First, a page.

Last week I hosted the OpenII kickoff workshop at Google. We had representatives from several companies: IBM, Microsoft, Yahoo, MITRE, Google, one guy who was supposed to represent Oracle but decided to be a professor again, and a couple of professors.
The goal of OpenII, as the name implies, is to create an open-source set of tools for information integration. The tool set will include, among others, wrappers for common data sources, tools for creating matches and mappings between disparate schemas, a tool for searching a collection of schemas, and run-time tools for processing queries over heterogeneous data sets.
The main goal of the effort is to foster innovation in the field of information integration and create tools that are usable for a wide range of applications.
In research, we often innovate on a specific aspect of information integration, but then spend much our time building (and rebuilding) other components that we need in order to validate our contributions. Having a set of open-source tools will enable us to focus on our innovations and perform more meaningful comparisons between our methods.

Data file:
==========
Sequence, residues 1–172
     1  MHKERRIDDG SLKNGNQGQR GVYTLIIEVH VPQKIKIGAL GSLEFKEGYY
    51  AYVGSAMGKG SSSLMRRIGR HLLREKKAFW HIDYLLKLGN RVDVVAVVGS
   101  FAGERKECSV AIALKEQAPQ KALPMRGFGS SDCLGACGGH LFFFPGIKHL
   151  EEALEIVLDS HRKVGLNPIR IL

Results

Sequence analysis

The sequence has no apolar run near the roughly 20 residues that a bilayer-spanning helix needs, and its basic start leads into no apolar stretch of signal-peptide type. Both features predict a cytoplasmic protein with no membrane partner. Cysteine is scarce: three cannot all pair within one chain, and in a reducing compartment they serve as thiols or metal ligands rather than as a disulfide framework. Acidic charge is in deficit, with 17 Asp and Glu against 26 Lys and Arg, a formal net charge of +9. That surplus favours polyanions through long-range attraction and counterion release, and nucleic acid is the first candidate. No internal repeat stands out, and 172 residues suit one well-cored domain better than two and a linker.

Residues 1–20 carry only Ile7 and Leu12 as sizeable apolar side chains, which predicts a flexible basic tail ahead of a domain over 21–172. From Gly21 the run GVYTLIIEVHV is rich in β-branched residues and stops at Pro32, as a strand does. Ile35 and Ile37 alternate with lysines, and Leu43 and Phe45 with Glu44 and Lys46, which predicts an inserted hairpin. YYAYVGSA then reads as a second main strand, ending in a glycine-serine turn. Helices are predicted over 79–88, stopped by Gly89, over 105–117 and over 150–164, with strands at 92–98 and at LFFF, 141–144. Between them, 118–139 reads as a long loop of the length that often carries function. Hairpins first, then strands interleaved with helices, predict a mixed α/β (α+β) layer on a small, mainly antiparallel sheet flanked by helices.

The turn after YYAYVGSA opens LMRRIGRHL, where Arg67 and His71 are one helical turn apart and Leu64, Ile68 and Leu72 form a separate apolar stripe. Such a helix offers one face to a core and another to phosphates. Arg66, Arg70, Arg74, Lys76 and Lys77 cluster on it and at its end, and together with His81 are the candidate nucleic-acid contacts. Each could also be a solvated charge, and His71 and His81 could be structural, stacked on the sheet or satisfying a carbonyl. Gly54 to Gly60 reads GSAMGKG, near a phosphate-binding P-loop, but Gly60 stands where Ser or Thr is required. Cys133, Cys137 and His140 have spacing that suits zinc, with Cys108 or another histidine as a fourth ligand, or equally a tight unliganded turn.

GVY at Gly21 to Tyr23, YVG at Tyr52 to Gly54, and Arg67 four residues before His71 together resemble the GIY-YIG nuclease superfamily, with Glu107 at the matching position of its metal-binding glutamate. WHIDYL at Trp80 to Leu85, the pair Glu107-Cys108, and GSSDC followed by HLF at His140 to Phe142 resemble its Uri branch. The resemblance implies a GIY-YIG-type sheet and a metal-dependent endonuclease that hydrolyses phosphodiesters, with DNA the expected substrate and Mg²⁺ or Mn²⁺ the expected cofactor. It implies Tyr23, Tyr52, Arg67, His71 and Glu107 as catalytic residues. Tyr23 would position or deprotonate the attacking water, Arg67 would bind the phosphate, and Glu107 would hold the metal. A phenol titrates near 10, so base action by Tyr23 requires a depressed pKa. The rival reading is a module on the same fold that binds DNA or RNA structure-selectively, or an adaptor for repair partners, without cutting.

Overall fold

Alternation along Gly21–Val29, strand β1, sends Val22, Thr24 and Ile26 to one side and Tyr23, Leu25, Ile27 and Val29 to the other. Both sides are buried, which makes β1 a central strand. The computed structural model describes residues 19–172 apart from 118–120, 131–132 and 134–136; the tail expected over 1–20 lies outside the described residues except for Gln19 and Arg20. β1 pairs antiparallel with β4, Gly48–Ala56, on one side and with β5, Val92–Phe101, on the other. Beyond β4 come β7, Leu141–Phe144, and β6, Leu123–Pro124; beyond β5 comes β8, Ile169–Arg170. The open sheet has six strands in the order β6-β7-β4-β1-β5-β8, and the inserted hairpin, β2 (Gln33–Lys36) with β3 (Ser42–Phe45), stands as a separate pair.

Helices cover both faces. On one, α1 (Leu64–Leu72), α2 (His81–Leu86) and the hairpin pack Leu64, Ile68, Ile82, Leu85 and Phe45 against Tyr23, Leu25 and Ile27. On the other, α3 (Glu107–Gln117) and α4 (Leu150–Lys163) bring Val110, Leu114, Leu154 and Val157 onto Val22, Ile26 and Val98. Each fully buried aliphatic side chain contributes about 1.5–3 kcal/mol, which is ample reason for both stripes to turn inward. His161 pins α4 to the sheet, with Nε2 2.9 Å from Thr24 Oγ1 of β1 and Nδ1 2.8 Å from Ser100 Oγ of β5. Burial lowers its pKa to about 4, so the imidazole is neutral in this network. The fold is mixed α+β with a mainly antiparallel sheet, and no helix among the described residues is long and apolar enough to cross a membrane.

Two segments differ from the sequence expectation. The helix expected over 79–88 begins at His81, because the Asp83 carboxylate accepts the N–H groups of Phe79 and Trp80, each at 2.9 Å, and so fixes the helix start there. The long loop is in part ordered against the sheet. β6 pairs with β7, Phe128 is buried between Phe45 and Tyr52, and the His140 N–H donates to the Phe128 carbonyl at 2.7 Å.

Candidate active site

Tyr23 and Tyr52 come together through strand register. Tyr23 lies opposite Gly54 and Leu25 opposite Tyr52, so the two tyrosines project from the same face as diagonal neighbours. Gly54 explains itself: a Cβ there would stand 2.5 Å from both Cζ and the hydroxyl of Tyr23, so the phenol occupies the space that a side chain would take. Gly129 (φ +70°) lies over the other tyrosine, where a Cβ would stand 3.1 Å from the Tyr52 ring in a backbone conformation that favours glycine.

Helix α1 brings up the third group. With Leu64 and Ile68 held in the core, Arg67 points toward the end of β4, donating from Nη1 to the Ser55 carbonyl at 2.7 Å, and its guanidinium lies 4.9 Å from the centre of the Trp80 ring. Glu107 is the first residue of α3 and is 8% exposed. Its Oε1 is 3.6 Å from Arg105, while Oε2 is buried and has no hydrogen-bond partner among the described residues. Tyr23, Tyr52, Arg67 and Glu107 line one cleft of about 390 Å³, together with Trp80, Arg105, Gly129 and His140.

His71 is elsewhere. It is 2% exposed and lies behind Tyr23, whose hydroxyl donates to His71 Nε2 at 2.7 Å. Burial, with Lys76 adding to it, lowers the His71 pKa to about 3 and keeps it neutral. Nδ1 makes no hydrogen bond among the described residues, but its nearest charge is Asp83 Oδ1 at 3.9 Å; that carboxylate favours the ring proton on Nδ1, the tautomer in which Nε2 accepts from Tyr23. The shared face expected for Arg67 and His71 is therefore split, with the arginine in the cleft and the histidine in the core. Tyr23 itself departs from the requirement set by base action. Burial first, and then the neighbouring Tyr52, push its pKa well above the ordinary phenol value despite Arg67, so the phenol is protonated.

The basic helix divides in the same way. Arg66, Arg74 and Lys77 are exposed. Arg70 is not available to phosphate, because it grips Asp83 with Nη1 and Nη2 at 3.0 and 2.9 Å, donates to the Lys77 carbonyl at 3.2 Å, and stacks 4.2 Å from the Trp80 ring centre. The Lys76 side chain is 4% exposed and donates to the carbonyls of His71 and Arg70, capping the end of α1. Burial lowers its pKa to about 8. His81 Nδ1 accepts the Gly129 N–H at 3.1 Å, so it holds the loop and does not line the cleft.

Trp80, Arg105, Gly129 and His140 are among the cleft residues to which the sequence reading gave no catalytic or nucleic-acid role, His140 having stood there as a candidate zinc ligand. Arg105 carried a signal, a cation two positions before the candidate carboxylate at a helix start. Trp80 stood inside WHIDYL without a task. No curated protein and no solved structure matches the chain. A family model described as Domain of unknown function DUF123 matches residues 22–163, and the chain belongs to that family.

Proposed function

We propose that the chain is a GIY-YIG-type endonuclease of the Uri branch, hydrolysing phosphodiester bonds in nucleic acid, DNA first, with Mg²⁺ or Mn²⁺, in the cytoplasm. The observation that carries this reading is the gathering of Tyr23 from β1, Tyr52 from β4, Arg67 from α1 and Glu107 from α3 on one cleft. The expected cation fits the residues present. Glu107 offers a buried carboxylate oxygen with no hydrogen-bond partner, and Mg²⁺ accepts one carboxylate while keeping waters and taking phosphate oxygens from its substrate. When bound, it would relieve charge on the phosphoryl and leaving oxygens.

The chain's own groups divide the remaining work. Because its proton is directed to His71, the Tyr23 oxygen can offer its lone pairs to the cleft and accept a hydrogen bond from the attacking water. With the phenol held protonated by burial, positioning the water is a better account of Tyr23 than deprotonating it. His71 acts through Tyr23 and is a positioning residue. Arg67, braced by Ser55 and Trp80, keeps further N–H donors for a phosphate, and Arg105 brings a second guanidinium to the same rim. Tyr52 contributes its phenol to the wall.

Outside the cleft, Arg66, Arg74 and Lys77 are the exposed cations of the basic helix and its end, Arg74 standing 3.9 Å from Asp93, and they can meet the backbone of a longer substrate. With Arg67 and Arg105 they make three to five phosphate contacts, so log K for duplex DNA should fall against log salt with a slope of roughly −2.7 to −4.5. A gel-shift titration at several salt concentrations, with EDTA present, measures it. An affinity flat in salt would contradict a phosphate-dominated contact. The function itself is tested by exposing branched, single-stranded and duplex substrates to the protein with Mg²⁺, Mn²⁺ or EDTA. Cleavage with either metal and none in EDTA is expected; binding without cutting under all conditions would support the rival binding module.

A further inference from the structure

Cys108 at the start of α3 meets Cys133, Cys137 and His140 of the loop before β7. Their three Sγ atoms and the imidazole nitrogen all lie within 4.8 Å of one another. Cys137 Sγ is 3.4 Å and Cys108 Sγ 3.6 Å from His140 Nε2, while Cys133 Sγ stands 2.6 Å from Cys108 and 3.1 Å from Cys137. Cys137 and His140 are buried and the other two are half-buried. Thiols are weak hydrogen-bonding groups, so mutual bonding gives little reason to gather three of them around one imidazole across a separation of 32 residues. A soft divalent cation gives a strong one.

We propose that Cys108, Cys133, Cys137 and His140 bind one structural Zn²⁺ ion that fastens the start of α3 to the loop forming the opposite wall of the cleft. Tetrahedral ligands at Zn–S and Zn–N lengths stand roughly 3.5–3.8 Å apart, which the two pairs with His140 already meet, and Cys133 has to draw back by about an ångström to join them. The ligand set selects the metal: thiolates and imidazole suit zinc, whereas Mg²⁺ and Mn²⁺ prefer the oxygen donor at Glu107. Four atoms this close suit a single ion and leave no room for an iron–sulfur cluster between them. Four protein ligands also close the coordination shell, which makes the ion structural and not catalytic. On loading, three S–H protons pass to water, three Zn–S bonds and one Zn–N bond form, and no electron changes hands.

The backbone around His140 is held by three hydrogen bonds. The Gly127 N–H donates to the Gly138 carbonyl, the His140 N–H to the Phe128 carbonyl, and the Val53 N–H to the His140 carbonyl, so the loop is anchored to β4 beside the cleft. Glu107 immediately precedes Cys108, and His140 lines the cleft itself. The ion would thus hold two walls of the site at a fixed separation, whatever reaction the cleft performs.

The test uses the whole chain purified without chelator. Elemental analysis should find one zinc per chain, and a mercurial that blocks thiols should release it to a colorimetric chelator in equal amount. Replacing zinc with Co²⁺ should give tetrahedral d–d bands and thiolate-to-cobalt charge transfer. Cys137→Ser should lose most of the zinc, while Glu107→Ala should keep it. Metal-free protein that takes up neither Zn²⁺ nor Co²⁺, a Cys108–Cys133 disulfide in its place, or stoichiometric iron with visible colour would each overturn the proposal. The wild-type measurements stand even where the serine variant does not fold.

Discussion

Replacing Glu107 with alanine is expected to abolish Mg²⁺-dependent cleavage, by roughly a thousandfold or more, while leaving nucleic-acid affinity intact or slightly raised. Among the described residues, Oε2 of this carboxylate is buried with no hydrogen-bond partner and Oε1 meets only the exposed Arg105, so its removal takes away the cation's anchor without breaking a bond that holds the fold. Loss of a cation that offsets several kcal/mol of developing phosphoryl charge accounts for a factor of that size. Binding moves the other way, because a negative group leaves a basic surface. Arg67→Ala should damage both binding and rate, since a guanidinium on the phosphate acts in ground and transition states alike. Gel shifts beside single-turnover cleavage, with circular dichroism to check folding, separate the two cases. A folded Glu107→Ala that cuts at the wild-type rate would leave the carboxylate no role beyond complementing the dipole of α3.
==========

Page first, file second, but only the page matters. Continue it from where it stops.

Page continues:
On the applications side, information integration comes in many flavors, and therefore it is hard for commercial products to serve all the needs. Our goal is to create tools that can be applied in a variety of architectural contexts (e.g., materializing all the data in one repository vs. leaving the data in the sources and accessing it only at query time). In addition, many of the tools (e.g., schema matchers or dedup engines) often need to be extended for the particular domain in hand to fully leverage domain knowledge. Open source tools allow application developers to do exactly that.
You'll be hearing more about this project as we make progress. If you would like to contribute to it, please contact me!